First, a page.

Review: Late Spring
What We ThoughtGenre: Drama
What We Liked :Chishû Ryû and Noriko Somiya relationship
What We Disliked:Some side plots could've been skipped
The act of coming apart speaks to everyone on a human level and Late Spring is a deeply moving picture.
Yasujirô Ozu created a trilogy of films that depict family life in Japan during the period in the late 40′s. Late Spring is one of the entries in this trilogy and looks into current affairs with Japanese women. In 1948, Japanese women were given the right to initiate divorce and assert themselves. While some women were looking forward to their new freedoms, Noriko (Noriko Somiya) wasn’t going to live in this modern era to her liking.
Shukichi (Chishû Ryû)is a professor and a widower. All that he has left is his daughter, Noriko. She is content looking after her father and would be happy to live under his roof for the rest of her days. That’s all well in good, but Noriko’s aunt warns them that Noriko is in her upper-20′s and should marry while she is still a viable partner. If she gets left in this crucial time, she could be alone for the rest of her life.
Everyone seems to want Noriko to get married. Her father, aunt, and a girlfriend all are more concerned about than she is about the situation. Her father understands that she must leave the nest, but he worries about who will take care of him when she leaves. Still he goes along with a plan to convince her to leave. Shukichi decides that he will take a new wife to take care of him when his daughter leaves.
These are only the surface issues of what is really going on during the course of Late Spring. Ozu makes stories about families and the difficulty of change within them. While both Noriko and Shukichi understand what they are doing is for the best, neither one of them wishes to change the life they lead. While some would say a woman’s life begins in marriage, it seems much more of an end for Noriko.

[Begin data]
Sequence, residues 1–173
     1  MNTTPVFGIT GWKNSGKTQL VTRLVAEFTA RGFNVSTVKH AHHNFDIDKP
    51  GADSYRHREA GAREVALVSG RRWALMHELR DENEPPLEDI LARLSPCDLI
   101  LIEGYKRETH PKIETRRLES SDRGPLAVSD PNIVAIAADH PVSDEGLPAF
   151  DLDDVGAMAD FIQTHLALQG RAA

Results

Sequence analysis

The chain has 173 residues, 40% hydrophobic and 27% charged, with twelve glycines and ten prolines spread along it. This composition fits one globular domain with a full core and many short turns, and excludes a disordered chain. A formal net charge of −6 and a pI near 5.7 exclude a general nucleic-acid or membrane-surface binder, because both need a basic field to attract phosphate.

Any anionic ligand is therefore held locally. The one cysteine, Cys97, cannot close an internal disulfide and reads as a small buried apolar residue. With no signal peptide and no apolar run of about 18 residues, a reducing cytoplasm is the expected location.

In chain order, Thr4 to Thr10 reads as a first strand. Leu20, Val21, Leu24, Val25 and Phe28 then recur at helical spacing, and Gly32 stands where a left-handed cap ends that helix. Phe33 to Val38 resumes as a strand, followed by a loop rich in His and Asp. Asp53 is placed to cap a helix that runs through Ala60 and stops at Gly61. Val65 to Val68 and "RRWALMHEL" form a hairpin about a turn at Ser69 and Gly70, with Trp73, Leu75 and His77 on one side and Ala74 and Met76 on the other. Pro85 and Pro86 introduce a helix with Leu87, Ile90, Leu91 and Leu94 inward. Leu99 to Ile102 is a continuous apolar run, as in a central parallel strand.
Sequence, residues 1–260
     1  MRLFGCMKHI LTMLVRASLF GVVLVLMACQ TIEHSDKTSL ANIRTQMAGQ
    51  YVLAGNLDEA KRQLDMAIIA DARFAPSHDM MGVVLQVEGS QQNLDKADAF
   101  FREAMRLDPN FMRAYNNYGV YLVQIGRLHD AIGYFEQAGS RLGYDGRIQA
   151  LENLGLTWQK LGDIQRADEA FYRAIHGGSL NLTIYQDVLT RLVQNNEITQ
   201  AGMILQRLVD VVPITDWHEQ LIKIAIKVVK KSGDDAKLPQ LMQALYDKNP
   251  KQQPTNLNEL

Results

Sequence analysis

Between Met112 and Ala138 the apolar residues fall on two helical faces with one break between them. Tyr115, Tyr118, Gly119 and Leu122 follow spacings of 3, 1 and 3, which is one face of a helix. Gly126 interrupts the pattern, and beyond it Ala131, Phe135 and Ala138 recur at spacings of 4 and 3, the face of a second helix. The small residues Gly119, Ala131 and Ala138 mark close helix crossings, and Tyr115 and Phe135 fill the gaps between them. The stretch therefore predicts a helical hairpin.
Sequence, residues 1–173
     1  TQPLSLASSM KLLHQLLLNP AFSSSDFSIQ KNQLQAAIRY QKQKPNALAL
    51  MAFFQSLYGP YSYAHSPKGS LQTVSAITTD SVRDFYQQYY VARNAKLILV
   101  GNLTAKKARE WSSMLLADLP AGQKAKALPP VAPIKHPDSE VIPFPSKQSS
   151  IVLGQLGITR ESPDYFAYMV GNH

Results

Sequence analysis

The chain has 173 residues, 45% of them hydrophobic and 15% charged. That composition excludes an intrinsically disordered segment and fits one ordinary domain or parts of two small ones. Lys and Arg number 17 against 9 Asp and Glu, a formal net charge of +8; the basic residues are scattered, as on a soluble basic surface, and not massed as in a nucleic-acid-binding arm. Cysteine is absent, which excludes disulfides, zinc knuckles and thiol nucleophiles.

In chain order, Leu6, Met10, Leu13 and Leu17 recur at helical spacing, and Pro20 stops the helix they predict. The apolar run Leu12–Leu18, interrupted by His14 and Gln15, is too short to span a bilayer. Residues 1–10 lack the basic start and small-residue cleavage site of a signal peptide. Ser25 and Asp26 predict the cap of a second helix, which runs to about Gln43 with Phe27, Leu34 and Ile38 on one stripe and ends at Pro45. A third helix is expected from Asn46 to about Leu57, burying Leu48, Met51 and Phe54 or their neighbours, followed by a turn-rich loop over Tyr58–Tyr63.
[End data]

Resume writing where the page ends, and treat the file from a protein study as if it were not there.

Late Spring has all the trademarks of a Ozu film. Low camera angles (tatami-mat filming), Few tracking shots, and B-roll of beautiful Japanese scenery that has no connection to the film. Ozu decides to never show the man Noriko is arranged to marry. We get a small description of what he may look like, but beyond that does it really matter? The problem is not who she has to marry, but that she has to marry at all.
What seems like an easy story on the page ends up being complex with emotions. Noriko and Shukichi are being forced into a change they fail to embrace. Late Spring deals with the issues of continuing life when your world is broken and letting your loved one grow. Whether or not either character achieves a level of happiness consistent to what they had is unknown. The act of coming apart speaks to everyone on a human level and Late Spring is a deeply moving picture.
[Blu-Ray screenshots courtesy DVDBeaver.com]